Monday, May 11, 2009

Pokémon and On and On

The Nintendo DS games occupying my DS carrying case seldom appear on the currently playing section of EXP, not because of any sense of shame, though I am acutely aware of stares when I rifle through my collection on public transportation. Rather, I play these games in short cycles commuting to work and they rarely stay in my mind for long. One recent exception has been Pokémon Diamond, part of the fourth-generation of Pokémon games, twin to Pokémon Pearl, uglier sibling to the recently released Pokémon Platinum, and one of the strangest creations on my shelf.

I purchased Diamond a couple months ago, long after its 2007 release date. I consumed it with excitement, albeit slowly. Four of my housemates also picked up copies of Pokémon Pearl and Platinum. We soon began late night trades of captured pokemon and requests for Evee evolutions. Yet even after the hours of good ol' fashioned bonding time, I've come to this conclusion: Pokémon is the most terribly designed game that I still enjoy playing.

Pokémon Diamond has a respectable rating of eighty-five on Metacritic, with plenty of glowing reviews. My own experiences with the game would demand an alien scoring system that could translate my hatred and enjoyment into a series of runic matrices or non-euclidean constructs. I have voiced my antagonistic ramblings to my housemates with mixed results.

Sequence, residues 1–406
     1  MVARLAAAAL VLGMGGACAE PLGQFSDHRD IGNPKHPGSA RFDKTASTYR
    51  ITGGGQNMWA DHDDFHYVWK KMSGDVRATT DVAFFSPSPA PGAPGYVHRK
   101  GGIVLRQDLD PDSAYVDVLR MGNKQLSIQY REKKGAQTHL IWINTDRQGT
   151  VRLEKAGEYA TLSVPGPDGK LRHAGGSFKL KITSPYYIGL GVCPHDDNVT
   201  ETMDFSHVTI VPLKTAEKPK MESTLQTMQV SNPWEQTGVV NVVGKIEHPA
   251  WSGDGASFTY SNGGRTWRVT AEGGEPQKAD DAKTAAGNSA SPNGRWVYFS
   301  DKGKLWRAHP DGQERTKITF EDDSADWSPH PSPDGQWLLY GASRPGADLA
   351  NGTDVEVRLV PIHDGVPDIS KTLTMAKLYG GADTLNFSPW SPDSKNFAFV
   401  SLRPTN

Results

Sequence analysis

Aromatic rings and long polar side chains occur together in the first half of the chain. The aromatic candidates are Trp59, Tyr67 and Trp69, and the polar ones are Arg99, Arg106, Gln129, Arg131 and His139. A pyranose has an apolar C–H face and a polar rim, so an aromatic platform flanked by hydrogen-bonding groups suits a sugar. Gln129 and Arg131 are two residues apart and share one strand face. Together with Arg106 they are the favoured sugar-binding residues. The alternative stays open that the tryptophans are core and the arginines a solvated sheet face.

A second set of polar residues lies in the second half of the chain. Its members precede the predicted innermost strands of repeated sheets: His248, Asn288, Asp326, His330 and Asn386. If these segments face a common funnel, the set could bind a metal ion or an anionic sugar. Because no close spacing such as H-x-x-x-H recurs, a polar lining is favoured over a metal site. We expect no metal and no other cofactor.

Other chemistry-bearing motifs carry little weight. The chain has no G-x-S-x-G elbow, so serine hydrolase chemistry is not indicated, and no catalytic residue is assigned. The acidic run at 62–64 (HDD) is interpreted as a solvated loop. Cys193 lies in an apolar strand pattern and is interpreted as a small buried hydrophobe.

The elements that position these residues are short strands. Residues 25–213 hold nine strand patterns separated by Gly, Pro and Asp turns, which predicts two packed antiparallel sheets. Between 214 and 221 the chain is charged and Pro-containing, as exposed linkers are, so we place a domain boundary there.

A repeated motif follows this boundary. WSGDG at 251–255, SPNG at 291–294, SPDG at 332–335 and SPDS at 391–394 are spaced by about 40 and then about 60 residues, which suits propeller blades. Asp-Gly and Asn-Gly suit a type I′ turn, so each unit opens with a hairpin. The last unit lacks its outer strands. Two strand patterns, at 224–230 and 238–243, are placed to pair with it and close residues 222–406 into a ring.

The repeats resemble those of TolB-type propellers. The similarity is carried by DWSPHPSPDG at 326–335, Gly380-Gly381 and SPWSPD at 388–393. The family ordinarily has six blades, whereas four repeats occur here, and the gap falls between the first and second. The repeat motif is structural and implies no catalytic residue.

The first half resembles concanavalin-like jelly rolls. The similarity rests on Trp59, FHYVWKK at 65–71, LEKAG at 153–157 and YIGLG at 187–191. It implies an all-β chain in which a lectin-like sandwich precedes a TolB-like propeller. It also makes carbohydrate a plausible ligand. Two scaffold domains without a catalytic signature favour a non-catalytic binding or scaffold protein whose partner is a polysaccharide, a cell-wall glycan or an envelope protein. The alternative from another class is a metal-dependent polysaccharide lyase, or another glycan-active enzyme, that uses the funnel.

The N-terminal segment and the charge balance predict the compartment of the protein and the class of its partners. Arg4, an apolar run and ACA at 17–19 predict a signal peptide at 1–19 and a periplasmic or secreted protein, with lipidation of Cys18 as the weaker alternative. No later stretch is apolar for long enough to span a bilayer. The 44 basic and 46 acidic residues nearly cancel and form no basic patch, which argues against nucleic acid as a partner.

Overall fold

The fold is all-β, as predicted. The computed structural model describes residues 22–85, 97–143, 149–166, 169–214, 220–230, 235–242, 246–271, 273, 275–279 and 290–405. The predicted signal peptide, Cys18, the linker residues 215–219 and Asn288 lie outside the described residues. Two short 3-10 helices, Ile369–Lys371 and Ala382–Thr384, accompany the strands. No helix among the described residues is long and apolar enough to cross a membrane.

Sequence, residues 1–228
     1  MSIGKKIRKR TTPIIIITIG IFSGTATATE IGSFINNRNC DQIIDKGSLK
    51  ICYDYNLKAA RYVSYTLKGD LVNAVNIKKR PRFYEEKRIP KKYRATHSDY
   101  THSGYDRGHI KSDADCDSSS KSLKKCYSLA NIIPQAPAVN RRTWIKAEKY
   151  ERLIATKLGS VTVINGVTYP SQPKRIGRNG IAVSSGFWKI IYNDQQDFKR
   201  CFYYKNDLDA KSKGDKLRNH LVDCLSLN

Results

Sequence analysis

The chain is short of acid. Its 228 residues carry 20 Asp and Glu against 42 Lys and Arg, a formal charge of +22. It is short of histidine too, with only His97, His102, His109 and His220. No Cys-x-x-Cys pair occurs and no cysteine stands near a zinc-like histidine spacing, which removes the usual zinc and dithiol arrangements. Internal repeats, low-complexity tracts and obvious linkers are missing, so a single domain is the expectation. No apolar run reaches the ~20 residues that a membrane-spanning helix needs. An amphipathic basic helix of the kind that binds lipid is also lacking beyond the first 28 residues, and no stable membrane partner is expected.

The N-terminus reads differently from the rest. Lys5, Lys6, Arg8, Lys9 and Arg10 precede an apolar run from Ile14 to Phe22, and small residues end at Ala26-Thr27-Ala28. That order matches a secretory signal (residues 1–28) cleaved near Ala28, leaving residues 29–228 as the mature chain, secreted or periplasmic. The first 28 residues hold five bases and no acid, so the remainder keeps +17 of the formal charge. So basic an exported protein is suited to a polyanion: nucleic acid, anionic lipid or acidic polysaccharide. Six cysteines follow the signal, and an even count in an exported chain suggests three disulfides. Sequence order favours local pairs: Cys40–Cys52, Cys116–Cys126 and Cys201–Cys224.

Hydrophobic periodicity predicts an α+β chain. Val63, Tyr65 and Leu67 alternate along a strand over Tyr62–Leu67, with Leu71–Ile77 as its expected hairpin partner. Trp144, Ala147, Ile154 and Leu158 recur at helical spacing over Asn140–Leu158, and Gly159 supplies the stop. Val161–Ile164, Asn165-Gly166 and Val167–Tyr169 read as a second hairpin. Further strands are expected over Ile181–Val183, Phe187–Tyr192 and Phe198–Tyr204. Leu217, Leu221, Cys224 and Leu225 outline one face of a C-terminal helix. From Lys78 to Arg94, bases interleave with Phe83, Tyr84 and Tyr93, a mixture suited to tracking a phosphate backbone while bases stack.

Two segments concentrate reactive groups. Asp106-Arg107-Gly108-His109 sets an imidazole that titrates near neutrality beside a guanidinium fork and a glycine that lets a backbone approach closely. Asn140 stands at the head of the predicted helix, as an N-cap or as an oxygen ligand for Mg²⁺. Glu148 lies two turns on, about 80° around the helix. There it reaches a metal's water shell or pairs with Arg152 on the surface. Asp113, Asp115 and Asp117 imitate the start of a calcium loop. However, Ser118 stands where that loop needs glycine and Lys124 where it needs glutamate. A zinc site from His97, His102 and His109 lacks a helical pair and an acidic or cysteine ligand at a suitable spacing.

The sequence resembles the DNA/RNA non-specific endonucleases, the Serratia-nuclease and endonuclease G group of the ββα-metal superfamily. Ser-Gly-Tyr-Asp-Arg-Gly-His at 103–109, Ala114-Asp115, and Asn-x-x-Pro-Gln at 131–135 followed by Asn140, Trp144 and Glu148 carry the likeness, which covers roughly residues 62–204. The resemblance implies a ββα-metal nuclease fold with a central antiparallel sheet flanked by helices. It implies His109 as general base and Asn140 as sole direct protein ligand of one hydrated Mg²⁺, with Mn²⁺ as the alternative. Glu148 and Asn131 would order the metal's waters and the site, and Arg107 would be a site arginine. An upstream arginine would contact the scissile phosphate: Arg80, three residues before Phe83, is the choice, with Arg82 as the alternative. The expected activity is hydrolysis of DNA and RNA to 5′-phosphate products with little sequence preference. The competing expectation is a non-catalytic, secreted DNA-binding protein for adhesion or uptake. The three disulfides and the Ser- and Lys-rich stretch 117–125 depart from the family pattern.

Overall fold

Game flaws populate Pokémon as if its "Gotta Catch 'Em All" slogan were referring to poor design choices. Allow me to rant for a moment. The game, for all its depth, is incredibly uninformative. For a large portion of the game, a world map is not easily accessible as an application on the bottom screen. The map that is available, both on screen and in your bag, is largely devoid of helpful information. "Is that the route that is blanketed in fog? Do I need cut to access a honey tree there?" You might as well guess.
The same uncertainty is applied to your pokemon collection efforts. Some pokemon can only be caught at night, others in short windows of time after slathering a tree with honey. Some pokemon evolve only when certain conditions are met, some must hold onto a specific object, others only evolve when traded, or when you earn their love. None of this information is made clear to the player.

This uncertainty is exacerbated by incredibly slow gameplay. The incessant short but useless animations are maddening. Every little thing, crushing rocks, telling you an attack is "super effective," and reminding you its raining, requires numerous seconds of game time. Fighting a weak pokemon , a repeated occurrence when not showering yourself with repel potions, can take far too long considering how easy it is to defeat them in one blow. The result is too few opportunities for meaningful input.

Additionally, the joy of combat is quickly eroded as strategy becomes attacking your enemy's obvious weakness. Strong moves do not balance well and it is easy to rely mostly on your startingcreature. This "Big Hitter Syndrome" becomes increasingly important as eggs and pokemon with out-of-combat abilities take up precious space in your party.
Yet watching your pokemon evolve or catching a new breed is incredibly satisfying, sharing this joy with friends even more so. I believe Jonathan Blow's assessment of World of Warcraft is applicable to this same phenomenon. Blow has called WoW unethical, relying on "artificial rewards," aesthetically appealing sounds and visual effects that do not stem naturally from well designed gameplay. I'm a huge WoW fan, but I can see how he interprets level grinding as tedious work to achieve artificial satisfaction.